It used to be one of those things that were passed down the generations, like playing the piano or having blue eyes. Who you vote for – or whether you vote at all – has always been influenced by family ties. Our recent political research has confirmed this but increasingly people are taking an alternative approach, as Simon Szreter argued in History and Policy:
Whilst a generation ago, individual voters would identify their allegiance with a party’s ideology before enquiring about its policies, this has now been turned on its head. Voters think first about what policies they support and then seek to match this with a political party, often using web-based tools.
I spent most of April considering who to vote for, trying very hard to put prejudice aside and make rational judgement based on more than the shininess of Dave’s forehead. This made me more aware of the political messages being pushed in my direction.
The 2010 General Election was meant to represent a paradigm shift in how parties campaign. The theory was that parties would move from the hierarchical top-down approach (where all messages and agendas are carefully controlled) to a more bottom up approach where voters set the agenda and engage in a dialogue with parties and themselves.
I thought it would be interesting to see how the internet was being used to influence me – and others like me – in the month leading to polling day. Not a census of activity, rather an individual case study approach for a 20 something male who use the internet most days. When I noticed something on my travels, I took a screen grab. Were the communications designed to make me aware, make me consider a party or an issue or to trigger action? The results are shown below:
Some observations then.
I didn’t notice that many examples. From all the hot air generated about the power of social media I was expecting to be subjected to an Obama-style groundswell buffeting my sails. This failed to materialise. Online display was low on the horizon and search advertising was absent.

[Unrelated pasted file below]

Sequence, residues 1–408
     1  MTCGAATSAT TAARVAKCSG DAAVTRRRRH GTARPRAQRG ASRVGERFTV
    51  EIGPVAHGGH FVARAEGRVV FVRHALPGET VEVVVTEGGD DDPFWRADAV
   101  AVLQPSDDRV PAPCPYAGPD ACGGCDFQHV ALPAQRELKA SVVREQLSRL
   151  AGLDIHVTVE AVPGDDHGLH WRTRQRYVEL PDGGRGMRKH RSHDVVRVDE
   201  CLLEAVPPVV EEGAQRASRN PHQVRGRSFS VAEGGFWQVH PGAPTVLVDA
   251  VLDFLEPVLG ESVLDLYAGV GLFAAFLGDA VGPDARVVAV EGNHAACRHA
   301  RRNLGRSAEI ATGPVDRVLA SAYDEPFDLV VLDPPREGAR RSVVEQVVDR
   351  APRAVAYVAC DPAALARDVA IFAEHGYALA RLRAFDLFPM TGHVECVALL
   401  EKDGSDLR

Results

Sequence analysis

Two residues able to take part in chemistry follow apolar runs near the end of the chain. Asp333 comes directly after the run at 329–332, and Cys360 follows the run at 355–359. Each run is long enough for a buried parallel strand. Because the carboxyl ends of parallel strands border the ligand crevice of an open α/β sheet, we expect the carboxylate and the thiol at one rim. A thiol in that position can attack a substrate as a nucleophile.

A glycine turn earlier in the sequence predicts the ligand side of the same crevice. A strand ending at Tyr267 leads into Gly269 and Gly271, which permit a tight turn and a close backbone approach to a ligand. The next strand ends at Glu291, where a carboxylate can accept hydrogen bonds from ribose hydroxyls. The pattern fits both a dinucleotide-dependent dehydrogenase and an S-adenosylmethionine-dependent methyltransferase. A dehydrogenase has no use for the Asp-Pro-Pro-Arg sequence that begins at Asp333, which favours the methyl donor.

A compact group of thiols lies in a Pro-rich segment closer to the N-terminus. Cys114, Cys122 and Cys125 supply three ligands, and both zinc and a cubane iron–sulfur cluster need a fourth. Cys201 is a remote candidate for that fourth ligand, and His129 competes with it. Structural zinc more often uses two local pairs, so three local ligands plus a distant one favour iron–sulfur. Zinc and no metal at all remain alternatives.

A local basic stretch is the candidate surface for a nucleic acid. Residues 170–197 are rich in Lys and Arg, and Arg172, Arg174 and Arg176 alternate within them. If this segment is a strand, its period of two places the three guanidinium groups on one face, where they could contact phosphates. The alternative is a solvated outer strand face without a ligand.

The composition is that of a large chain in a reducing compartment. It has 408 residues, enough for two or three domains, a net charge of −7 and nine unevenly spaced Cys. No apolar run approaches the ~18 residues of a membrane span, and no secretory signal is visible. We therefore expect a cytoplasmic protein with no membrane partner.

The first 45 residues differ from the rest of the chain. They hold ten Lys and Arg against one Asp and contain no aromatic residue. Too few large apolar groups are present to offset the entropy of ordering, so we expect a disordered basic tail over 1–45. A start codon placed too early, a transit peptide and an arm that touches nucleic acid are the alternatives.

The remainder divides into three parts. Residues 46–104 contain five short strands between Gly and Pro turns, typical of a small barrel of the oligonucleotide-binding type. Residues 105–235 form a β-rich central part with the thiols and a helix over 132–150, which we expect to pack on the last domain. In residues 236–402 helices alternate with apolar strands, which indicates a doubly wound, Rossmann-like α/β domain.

The conservative party were the most active: Facebook page, Facebook news feeds & YouTube homepage takeover on polling day. One can only speculate on their coffers…
There were only a few examples of friends explicitly trying to influence other friends’ voting intentions online. Those doing so tended to be the political ones – who would do so anyway in person.
The majority of peer to peer activity took the form of emailed hyperlinks rather than social media. The peers in this case were interested in taking the mickey – not influencing my vote.
There were precious few examples of good creative in paid for media. The Electoral Commission display ad was my main example. It captured my attention and successfully called me to action. Anecdotally this has been well targeted and hugely successful, part of an integrated campaign achieving 460k website visits and 200k registration downloads (though I’m unsure what the media spend was).
There were some unexpected sources. The ethics of voting and the merits of spoiling one’s ballot from Money Saving Expert Martin Lewis anyone? This links to some work I am doing on who counts as an expert online which I will share in the near future.
So other than the fact I spend a disproportionate amount of my time online on Facebook (told you this wasn’t representative), what have I learnt? Two things. First, in comparison to old media my online election was underwhelming. Old media played a decisive role for me. I had flyers for all 6 of the parties standing in my constituency via door drop clearly identifying why I should bother turning out for them. The TV debates drew me in like everyone else. The 8-9am commute meant I was a captive to Radio 4 and the twenty minute Today Programme daily interview.
Second, despite all this rational investigation I ended up voting the same way as my family. Sorry shiny Dave.
Reconvene in 2015?